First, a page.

Need Inexpensive Fair Trade Organic Socially Conscious Coffee?

My esteemed colleague Sandra Gibbons, Professor of Biology, introduced me to the wonderful Peace coffee.  My husband loves their coffee, and he knows coffee.  I only drink coffee on Fridays and look forward to my Peace treat.  And I really like their logo since I studied sea turtles in grad school.  But what I like the most about this superior tasting coffee is that they are committed to sustainability more than any other coffee company I know.  Their motto is: “A cultural, social and consumable revolution with grounds firmly fixed in.  A farmer friendly fair trade reality.”  They even try to deliver their beans by bicycle to towns.  AND…yes there is more…it is very inexpensive, especially considering it is organic, fair trade, etc.  If you purchase 10 pounds at once you get a 15% discount.  AND…I know it keeps getting better…if you take the survey indicated on this web page, http://www.peacecoffee.com/pcs/index.html, right now (not sure when this opportunity will expire so take it soon), you get an additional 20% off.  The 10 pound discount CAN be combined with the survey discount.  We just purchased 10 pounds of organic fair trade espresso for $75 (including the shipping fee).  So, get your coffee, get your buzz, and support a company that is super committed to sustainability.

10 Green iPhone Apps

Mother Jones has a short article on their site that lists 10 “green” iphone apps. I know that not everyone has an iphone, but this is an example of how having information in hand, at the point of need, helps us to make informed decisions. These apps are a way to conjure up immediate info to use. Now, we may have to explore where the apps get their info, but, you know, it is good that someone is working to do this.

Click here to visit this site: http://motherjones.com/blue-marble/2010/01/econundrum-10-eco-apps-your-iphone

John Wood Community College’s NEW Sustainable Local Foods Farming Program

John Wood Community College, in Quincy, IL, recently announced a new Sustainable Local Foods Farming Program.  The program provides courses and hands-on training in sustainable fruit and vegetable production, entrepreneurship, and marketing.  Students gain the practical skills and knowledge needed to be successful agricultural entrepreneurs in this emerging industry.  Hands-on courses are taught at JWCC’s demonstration market garden, located on the Quincy campus.  I would love to see something like this hit MVCC!  For more information:  http://www.jwcc.edu/instruct/agriculture/LocalFoodsFarming/default.asp

The Failure at Copenhagen

Just to follow up on our earlier posts about the climate talks at Copenhagen, I wanted to share the link (see below) to a story from the PBS Newshour. Here is a piece of the transcript:

VINUTA GOPAL, Greenpeace India: The world leaders have failed the planet, and now it’s up to people to come together, because we need a deal that is real.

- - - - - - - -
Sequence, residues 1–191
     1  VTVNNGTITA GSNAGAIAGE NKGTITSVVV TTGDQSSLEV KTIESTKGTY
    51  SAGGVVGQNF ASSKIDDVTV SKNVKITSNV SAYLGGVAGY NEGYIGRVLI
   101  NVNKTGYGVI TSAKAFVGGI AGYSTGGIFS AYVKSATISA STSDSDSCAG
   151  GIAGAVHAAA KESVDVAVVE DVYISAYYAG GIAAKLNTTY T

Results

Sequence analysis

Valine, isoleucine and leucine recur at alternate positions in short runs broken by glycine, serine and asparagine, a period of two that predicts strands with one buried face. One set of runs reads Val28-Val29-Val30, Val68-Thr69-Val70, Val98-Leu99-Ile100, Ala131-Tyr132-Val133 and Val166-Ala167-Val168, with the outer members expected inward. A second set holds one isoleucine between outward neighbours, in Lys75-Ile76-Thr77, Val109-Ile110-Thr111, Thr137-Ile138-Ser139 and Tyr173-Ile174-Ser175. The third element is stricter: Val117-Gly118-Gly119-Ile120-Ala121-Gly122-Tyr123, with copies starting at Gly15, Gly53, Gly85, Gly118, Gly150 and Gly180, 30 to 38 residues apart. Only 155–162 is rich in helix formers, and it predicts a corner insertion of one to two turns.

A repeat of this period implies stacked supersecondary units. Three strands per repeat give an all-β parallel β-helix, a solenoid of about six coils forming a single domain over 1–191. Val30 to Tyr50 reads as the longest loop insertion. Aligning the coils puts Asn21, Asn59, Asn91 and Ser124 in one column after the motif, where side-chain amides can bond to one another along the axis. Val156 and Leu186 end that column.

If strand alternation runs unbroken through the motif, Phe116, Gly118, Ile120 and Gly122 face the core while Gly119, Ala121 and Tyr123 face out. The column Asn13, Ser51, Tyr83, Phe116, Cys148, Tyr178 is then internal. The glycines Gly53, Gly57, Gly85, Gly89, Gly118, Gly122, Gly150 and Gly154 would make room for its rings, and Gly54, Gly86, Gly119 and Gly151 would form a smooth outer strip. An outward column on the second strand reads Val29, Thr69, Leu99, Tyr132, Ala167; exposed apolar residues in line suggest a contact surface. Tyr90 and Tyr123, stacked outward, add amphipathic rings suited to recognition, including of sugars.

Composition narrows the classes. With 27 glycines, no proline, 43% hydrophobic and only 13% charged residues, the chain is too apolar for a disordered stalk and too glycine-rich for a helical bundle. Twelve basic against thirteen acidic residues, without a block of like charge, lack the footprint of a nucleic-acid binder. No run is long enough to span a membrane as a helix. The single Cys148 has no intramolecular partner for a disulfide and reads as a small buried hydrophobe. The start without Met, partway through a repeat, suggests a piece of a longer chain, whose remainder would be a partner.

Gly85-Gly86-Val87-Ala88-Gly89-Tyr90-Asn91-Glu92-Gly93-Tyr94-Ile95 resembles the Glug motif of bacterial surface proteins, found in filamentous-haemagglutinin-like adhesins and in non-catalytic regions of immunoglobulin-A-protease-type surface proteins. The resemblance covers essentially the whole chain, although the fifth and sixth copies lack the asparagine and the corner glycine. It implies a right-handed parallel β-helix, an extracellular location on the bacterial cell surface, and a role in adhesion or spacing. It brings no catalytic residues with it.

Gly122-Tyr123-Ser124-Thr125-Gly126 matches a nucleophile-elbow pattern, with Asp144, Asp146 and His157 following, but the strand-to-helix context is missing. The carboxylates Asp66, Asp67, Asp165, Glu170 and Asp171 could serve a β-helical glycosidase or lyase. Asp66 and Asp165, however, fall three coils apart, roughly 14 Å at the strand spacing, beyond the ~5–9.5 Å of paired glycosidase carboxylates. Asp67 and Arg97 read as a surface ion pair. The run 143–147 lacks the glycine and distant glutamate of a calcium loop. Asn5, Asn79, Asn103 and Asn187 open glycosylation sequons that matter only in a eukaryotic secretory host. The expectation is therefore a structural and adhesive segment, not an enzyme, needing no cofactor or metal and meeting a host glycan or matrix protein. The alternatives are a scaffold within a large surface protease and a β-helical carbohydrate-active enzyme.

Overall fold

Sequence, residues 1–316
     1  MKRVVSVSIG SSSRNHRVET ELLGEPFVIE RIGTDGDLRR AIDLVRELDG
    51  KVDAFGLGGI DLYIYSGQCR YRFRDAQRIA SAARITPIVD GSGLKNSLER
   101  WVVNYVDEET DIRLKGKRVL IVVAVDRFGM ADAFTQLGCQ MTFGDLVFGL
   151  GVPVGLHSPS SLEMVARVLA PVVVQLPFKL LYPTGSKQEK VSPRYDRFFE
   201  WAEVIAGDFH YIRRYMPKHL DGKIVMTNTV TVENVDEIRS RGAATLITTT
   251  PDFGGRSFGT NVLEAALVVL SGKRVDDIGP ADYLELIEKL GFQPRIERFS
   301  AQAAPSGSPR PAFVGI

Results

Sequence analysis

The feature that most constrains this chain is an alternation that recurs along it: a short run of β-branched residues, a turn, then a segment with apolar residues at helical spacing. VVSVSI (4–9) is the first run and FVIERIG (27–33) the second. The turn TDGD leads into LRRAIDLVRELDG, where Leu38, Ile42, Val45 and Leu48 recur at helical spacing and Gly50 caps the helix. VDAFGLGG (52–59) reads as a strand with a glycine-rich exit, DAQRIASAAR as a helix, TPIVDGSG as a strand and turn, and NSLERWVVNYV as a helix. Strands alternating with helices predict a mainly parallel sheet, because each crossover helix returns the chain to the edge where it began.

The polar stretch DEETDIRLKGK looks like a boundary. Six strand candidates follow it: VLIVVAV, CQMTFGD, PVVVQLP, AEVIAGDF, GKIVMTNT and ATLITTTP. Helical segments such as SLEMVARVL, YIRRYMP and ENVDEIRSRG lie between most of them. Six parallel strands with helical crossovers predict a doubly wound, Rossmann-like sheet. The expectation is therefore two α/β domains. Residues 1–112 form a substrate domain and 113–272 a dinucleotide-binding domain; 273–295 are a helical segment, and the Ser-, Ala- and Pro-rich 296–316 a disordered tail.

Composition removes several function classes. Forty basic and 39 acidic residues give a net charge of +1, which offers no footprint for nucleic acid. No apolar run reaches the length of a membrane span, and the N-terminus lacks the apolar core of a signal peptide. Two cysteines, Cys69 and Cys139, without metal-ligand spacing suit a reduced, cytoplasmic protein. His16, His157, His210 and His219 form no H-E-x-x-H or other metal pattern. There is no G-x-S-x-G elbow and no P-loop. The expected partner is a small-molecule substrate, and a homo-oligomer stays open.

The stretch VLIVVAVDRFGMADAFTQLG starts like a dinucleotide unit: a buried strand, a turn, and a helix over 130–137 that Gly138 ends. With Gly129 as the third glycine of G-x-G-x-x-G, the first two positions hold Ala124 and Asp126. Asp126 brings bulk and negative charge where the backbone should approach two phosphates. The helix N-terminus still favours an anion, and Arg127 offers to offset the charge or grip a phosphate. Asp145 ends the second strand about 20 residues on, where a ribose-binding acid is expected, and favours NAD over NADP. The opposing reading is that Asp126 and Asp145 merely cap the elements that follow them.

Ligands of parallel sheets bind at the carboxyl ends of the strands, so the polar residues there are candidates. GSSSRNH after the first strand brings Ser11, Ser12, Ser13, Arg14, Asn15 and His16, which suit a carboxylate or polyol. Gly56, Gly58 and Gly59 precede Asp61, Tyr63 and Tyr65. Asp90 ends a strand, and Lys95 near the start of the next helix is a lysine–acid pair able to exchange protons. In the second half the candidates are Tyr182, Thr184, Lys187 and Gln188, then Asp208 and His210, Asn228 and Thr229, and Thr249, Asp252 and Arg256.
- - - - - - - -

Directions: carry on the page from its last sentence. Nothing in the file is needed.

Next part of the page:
RAY SUAREZ (Newshour corespondent): That deal, of course, is the 12-paragraph nonbinding Copenhagen accord announced after two weeks of grueling negotiations and last-minute dealings. One hundred and ninety-three participant nations formally called for billions in aid to help poor nations cope with climate change, but set no firm targets for cutting greenhouse gas emissions.The U.N.’s climate chief, Yvo de Boer:

YVO DE BOER, executive secretary, United Nations Framework Convention on Climate Change: An impressive accord, but not an accord that is legally binding, not an accord that, at this moment, pins down industrialized countries to individual targets.

RAY SUAREZ: At heart, the accord represented just how far President Obama and the leaders of China, Brazil, India, and South Africa were willing to go. At a snowed-in White House Saturday after his return, the president had a more upbeat assessment.

U.S. PRESIDENT BARACK OBAMA: For the first time in history, all of the major — the world’s major economies have come together to accept their responsibility to take action to confront the threat of climate change. After extremely difficult and complex negotiations, this important breakthrough lays the foundation for international action in the years to come.

RAY SUAREZ: European leaders were notably absent from President Obama’s last-minute meetings. Today, British Prime Minister Gordon Brown demanded the entire process be reformed. He said, “Never again should we let a global deal be held to ransom by only a handful of countries.”On a different note, the British climate change secretary, Ed Miliband, singled out developing nations.

ED MILIBAND, secretary of state for energy and climate change, United Kingdom: Because there was point-blank refusal from many of those countries to have legally binding targets. I think it shows in a sense how far we do have to go to tackle the problem collectively.

RAY SUAREZ: China came under criticism for refusing to agree to legally binding and verifiable actions.

Watch the video and the read the transcripts of this story here: A Look at Climate Change After Copenhagen

Cutting Edge Green Buildings in Our Backyard

Argonne National Laboratory is a cutting-edge research center that is right in our backyard, near Lemont. It conducts a range of experiments for the Department of Energy. One of the challenges that many organizations (such as Moraine Valley and Argonne) face is being Green-friendly while still maintaining the cutting-edge equipment and technology. Well, Argonne is one of the examples that shows how technology infrastructure can be maintained, while still being Green. Here is an article from their news blog:
Argonne microscopy facility combines cutting-edge science, green architecture.